Very few of the 12 million Kenyans can have realised what attack Dr Mungai was defending them from since their own press is far too constructive to tamper with the convention of absolute respect for the national leader. But if President Kenyatta is above reproach and re-election his MPs are not. The country went to the polls with corruption in mind and among the casualties were Mr Shako, Mr Omamo and Dr Mungai. It might be said that by advancing into the firing line Mr Shako, with his Bill, and Dr Mungai, with his statement, had asked for it. Was Mr Omamo a little unlucky? In effect his defeat was less to do with the ruby mines scandal than with the fact that he was standing for re-election in the Bondo constituency formerly represented by the celebrated Mr Oginga Odinga. Mr Odinga, a local hero, was disqualified from standing as a KANU candidate because he was once a member of the banned opposition party, the KPU. The people of Bondo could therefore not elect him, but they did not have to elect a KANU minister either, and so Mr Omamo was defeated anyway.

The loss of a handful of ministers did not inconvenience President Kenyatta. Indeed, in the case of Dr Mungai who is also the President's personal physician, it will have enabled the former Foreign Minister to concentrate on what many may feel should be his primary responsibility. As for the others, their absence enabled the President to redistribute the carrots of office on a more equitable tribal basis. (Thus the Luo, Mr Omamo, was replaced at the Ministry of Natural Resources by Kenya's first Masai minister, Mr Ole Oloitiptip.) But on the very day when parliament reassembled it became clear that something else was afoot.

No sooner had all the members been sworn in and the Speaker given the customary reminder that "in this country Parliament is the supreme body" than a dispute broke out over the election of the Deputy-Speaker. Evidently taking the Speaker at his word, the Members refused to put off the election to this post of the only nominated candidate, M. J. Seroney, 3 committed government opponent. President Kenyatta, who as MP for Gatundu was present in the chamber, was the silent observer of a parliament which was virtually united in its insistence that its own candidate, rather than some government placeman, be appointed. One member after another, and at least one junior minister, rose to persuade the Speaker that the election should take place. Finally the Vice President, Mr Moi, moved that the press and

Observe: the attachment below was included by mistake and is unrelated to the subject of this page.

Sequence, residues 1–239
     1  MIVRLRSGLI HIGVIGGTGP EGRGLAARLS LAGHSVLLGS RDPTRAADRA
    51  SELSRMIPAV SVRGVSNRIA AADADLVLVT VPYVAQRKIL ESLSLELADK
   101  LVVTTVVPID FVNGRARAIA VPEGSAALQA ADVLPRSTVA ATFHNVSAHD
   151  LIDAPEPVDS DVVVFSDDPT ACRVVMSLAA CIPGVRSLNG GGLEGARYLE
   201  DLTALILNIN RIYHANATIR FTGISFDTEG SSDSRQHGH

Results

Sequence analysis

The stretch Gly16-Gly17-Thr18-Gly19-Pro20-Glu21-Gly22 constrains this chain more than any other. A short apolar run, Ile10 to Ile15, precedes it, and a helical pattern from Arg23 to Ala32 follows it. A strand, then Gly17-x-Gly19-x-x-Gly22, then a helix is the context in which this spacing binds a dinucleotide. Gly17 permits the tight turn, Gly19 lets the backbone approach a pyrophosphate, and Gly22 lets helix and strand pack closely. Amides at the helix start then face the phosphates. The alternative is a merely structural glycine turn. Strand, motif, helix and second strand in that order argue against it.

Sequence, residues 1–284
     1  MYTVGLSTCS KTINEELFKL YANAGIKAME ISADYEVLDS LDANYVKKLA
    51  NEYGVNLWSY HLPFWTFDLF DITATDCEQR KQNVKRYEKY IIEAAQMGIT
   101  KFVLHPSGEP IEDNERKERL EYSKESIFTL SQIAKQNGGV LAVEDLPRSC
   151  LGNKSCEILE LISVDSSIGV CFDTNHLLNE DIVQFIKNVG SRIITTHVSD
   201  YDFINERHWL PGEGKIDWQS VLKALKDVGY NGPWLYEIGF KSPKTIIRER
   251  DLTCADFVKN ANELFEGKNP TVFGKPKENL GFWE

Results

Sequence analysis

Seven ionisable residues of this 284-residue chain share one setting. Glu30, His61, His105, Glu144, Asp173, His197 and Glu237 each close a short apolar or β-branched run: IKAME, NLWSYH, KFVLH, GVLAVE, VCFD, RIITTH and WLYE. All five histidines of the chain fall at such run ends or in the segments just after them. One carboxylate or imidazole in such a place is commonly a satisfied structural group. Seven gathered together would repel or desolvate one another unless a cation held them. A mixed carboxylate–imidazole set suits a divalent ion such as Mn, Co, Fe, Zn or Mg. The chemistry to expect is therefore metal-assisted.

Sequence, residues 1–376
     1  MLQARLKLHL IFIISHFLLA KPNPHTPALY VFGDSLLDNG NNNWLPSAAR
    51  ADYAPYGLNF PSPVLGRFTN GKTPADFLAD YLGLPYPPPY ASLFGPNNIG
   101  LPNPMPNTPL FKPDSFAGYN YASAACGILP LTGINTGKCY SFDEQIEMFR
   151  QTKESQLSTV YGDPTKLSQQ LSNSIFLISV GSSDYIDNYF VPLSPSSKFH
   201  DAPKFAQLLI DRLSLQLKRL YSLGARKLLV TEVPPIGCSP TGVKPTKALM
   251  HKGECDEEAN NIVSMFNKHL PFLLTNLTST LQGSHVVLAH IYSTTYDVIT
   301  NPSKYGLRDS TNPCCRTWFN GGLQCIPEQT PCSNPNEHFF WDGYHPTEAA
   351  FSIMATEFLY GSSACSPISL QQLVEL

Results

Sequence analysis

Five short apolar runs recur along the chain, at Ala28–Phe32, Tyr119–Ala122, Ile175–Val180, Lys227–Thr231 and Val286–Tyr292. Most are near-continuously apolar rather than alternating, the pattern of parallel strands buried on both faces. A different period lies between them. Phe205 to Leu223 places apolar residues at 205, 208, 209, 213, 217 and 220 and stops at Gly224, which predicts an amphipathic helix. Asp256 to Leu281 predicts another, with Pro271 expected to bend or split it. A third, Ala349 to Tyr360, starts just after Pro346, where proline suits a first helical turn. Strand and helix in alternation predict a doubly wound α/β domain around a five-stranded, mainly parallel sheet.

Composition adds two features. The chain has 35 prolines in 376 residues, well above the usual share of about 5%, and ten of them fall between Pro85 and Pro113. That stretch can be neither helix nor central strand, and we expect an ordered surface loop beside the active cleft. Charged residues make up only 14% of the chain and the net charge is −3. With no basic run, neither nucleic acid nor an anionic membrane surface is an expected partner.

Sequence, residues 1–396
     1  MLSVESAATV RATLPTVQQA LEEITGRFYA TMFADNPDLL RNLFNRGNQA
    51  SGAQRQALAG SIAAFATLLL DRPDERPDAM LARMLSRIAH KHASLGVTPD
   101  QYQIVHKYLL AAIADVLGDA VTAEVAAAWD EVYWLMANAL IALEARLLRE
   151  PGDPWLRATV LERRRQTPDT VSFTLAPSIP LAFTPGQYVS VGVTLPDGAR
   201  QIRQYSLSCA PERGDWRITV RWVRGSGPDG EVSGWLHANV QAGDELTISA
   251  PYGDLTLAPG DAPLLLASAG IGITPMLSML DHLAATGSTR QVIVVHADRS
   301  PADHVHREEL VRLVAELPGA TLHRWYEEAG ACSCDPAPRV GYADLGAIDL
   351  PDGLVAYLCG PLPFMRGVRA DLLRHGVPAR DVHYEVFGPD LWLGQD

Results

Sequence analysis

public be excluded. Parliament went into secret session for the rest of the day and that evening It was prorogued by the President. The assumption in Nairobi is that it will remain suspended until MPs agree to drop the appointment of Mr Seroney. In response there has been talk among MPs of a select committee into government corruption, but, if British experience is anything to go by, they may find this easier said than done. The struggle between President Kenyatta's cabinet and the newly elected parliament is thought by some to be no more than a quarrel between prominent members not merely of KANU but of the dominant Kikuyu group within that patty. But in a one-party state any opposition is good opposition.

If the most recent opponents of the dominant tribe in Kenya are to be found among members of that tribe, President Kenyatta may not be pleased but he will not be surprised. He is his own people's most distinguished historian, and in the early days of the struggle for Kenyan independence he wrote: "The spirit of independence, love of freedom in thought and action, and hatred of autocratic rule, are ingrained in the minds of the Kikuyu people."

Patrick Marnham, the journalist, recently returned from the latest of his many visits to Kenya